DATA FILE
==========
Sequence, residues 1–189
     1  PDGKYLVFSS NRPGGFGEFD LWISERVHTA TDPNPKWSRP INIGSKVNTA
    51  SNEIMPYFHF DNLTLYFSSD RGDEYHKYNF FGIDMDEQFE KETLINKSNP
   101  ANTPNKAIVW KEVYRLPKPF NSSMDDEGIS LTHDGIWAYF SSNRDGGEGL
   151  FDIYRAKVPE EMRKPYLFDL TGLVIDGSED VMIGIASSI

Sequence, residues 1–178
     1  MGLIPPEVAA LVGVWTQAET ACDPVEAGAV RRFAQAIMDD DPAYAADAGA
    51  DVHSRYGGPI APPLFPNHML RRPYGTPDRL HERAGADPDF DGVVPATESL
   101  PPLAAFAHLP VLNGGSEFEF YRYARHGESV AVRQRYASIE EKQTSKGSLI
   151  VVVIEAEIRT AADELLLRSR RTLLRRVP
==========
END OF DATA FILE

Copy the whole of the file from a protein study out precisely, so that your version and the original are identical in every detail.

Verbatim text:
Sequence, residues 1–189
     1  PDGKYLVFSS NRPGGFGEFD LWISERVHTA TDPNPKWSRP INIGSKVNTA
    51  SNEIMPYFHF DNLTLYFSSD RGDEYHKYNF FGIDMDEQFE KETLINKSNP
   101  ANTPNKAIVW KEVYRLPKPF NSSMDDEGIS LTHDGIWAYF SSNRDGGEGL
   151  FDIYRAKVPE EMRKPYLFDL TGLVIDGSED VMIGIASSI

Sequence, residues 1–178
     1  MGLIPPEVAA LVGVWTQAET ACDPVEAGAV RRFAQAIMDD DPAYAADAGA
    51  DVHSRYGGPI APPLFPNHML RRPYGTPDRL HERAGADPDF DGVVPATESL
   101  PPLAAFAHLP VLNGGSEFEF YRYARHGESV AVRQRYASIE EKQTSKGSLI
   151  VVVIEAEIRT AADELLLRSR RTLLRRVP